Bob Ryan

Times have changed for US men’s boxing

LONDON — A couple of Big Guy bouts with the Russians might have been an Olympic show-stopper in Rome, Tokyo, Mexico City, Munich, Montreal, and Seoul.

But both the geopolitics and the status of the United States boxing program have changed. It’s no particular big deal for an American to compete against someone from Russia, and it’s even a lesser deal when the American loses.

Team USA put up two nice young men against a pair of Russians at the ExCel Arena Wednesday afternoon. They both lost, one in a very close bout and the other in a wire-to-wire rout.


First up was heavyweight (91 kg) Michael Hunter II, who fights, among other reasons, in honor of his professional boxer father, the late Michael “The Bounty Hunter” Hunter Sr. He battled Russian Artur Beterbiev evenly, tying him at 10-10 after three rounds, but lost in a “Count Back” tiebreaker system. Hunter had waited four years to become an Olympian, having failed to make the team in Beijing after being hit with food poisoning.

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He was followed into the ring approximately an hour later by 6-foot-7-inch super-heavyweight (91-plus kg) Dominic Breazeale, who was a good enough quarterback at Northern Colorado to get a look-see by the NFL. His inexperience was in full evidence as he was handed a 19-8 thrashing by Magomed Omarov of Russia.

Once, America sent Large People of renown to the Olympics. Rome in 1960 is where Cassius Clay, a light-heavy, entered the American consciousness. He would be followed by such fistic luminaries as Ray Mercer — a WBO champ, lest you forget — Joe Frazier, George Foreman, Leon Spinks, and Evander Holyfield. Now we just hope to win a bout or two. That’s not the official rhetoric emanating from USA Boxing, but that’s the reality. For whatever reason, be it funding or just a general lack of interest, we are barely competitive in the heavier weight classes.

It’s hard to exaggerate just how outclassed Breazeale was against the far more experienced Omarov. The bout was semi-officially over after the first round, in which Omarov emerged with a 5-1 lead. The Moroccan, Vietnamese, and Italian judges each had the Russian pitching a shutout.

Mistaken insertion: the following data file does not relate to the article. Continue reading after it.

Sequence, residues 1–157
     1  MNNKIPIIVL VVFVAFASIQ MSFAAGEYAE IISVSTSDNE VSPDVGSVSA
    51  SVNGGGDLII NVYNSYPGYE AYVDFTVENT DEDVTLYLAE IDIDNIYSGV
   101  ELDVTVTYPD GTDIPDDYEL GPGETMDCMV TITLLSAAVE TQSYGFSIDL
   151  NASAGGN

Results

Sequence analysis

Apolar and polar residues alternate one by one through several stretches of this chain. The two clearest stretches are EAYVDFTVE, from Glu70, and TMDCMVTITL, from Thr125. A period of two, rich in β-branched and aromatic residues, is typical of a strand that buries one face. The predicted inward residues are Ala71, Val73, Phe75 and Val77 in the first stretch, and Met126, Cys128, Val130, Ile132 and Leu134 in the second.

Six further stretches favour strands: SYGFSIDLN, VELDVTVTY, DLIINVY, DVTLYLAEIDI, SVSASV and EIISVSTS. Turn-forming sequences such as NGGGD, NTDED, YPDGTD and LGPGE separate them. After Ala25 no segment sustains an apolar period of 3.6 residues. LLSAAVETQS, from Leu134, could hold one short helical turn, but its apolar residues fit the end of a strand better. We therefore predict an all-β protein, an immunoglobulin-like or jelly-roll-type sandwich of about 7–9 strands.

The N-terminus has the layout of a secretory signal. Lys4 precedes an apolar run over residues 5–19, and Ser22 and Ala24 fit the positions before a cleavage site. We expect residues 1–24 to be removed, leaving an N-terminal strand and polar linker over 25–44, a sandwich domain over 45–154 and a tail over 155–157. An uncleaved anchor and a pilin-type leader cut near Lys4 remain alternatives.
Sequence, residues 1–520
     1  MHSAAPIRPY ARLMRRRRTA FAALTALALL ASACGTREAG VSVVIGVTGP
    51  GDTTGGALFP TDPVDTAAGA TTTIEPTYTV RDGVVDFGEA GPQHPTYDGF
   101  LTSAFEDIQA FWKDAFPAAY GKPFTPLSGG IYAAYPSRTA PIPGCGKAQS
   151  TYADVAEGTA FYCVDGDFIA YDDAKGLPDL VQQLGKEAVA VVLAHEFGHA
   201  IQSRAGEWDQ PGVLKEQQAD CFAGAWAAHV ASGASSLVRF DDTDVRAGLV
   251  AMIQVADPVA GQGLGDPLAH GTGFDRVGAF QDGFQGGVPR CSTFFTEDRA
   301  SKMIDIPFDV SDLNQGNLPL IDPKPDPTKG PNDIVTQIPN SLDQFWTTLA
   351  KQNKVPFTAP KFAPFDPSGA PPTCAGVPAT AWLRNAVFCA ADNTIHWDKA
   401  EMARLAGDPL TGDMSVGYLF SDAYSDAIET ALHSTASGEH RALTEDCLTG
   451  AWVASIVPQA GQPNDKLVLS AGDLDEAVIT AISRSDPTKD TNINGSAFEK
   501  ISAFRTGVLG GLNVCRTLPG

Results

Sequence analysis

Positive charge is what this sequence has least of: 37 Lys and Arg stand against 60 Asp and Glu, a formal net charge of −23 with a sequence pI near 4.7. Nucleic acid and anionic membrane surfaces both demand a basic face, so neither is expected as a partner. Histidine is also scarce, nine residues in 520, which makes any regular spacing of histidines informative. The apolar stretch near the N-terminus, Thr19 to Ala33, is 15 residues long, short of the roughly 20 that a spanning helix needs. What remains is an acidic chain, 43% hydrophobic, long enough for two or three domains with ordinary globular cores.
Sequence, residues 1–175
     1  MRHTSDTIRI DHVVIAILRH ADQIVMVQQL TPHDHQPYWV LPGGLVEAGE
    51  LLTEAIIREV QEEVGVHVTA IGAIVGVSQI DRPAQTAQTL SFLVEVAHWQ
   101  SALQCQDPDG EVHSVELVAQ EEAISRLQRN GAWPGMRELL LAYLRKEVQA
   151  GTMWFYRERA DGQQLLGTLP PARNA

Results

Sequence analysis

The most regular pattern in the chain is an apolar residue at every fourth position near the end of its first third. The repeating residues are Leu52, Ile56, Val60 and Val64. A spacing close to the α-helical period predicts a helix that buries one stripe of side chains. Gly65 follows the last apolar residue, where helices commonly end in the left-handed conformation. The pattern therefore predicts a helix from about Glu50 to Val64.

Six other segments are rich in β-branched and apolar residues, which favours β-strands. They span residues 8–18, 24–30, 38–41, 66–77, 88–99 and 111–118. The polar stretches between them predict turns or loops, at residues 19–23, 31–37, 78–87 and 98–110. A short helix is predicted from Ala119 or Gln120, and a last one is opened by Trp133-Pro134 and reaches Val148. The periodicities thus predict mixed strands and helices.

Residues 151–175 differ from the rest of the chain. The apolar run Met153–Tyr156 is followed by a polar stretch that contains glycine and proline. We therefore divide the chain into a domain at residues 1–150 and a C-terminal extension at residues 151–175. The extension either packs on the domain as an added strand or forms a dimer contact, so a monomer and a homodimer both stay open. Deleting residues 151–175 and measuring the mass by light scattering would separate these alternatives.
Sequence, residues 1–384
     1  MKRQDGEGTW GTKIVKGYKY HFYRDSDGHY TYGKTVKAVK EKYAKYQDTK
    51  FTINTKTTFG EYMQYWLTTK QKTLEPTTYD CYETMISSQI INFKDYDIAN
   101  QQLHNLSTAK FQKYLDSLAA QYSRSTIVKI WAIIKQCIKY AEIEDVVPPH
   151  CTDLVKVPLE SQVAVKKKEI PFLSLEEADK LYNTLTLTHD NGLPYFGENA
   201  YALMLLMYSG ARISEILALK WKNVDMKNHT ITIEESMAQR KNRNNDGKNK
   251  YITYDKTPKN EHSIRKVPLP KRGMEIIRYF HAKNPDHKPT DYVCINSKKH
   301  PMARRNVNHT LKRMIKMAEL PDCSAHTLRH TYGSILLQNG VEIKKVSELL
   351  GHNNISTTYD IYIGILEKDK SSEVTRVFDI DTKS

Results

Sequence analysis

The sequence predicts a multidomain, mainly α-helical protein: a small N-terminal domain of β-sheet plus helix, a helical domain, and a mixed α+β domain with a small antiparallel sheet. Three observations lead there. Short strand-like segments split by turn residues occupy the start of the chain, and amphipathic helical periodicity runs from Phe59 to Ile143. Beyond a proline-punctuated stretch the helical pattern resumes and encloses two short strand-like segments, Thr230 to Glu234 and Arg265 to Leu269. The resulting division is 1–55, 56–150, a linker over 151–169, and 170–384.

Things never got much better for Breazeale, his tough afternoon culminating when Omarov delivered a very big left to the chin with five seconds left, a blow that served as a symbolic conclusion to a one-sided affair.


“Trying to play catch-up in boxing isn’t going to work,” Breazeale said. “I wasn’t able to stick to my game plan, which was to try to stay away from his lead hands. He’s a big, strong guy, and he can definitely punch.”

Breazeale insisted that boxing will remain his life, the implication being that all he needs is to acquire the savvy of his foes, some of whom, by Breazeale’s reckoning, “have been at this for 16 or 17 years.” It would be imprudent not to wish him the best of luck in this endeavor, but it would also be fair to say he’s going to need it. What with all the lunging and flailing about, would it be excessively melodramatic to suggest that it called to mind everything I’ve ever read about Primo Carnera?

Now here’s the deal with Hunter and the “Count Back” defeat. According to the rules, in the event of a tie, [the judges] “delete the lowest and highest total in each of the red and blue corner. Then, the winner is determined by the total scores of its three remaining judges of each red and blue corner.”

Got that?

Whatever the case, Hunter was completely at peace with the outcome. “I think he was the better man today,” Hunter said. “He deserved it. He was able to put his game plan in more than I was. He was better.”


Hunter also said that his legs began to go, to “fatigue,” in the third.

“Don’t want to make any excuses,” he explained, “but in the last couple of days I got a cold.”

He was slightly more the aggressor in the opening round, and he came out leading, 4-3. He was still ahead, 8-7, entering the third round. There didn’t appear to be much separating the two in that final round, not that there was a surfeit of action at any point in this rather dreary bout. There were a lot more clinches than decent exchanges, and, frankly, 10-10 really did seem like a proper outcome.

For someone who has worked seven years to get into that ring, Hunter was remarkably unemotional about the experience. “I wanted gold,” he said. “I haven’t fulfilled my mission. But I’ve got to keep at it. I’m definitely turning professional. I’ve been at this a long time, and I’m ready to move on.”

Will we ever hear much from Hunter in the ensuing years? I truly have no idea. As for Dominic Breazeale, he seems like a really nice guy. I hope he doesn’t get hurt.

Bob Ryan is a Globe columnist and host of Globe 10.0 on He can be reached at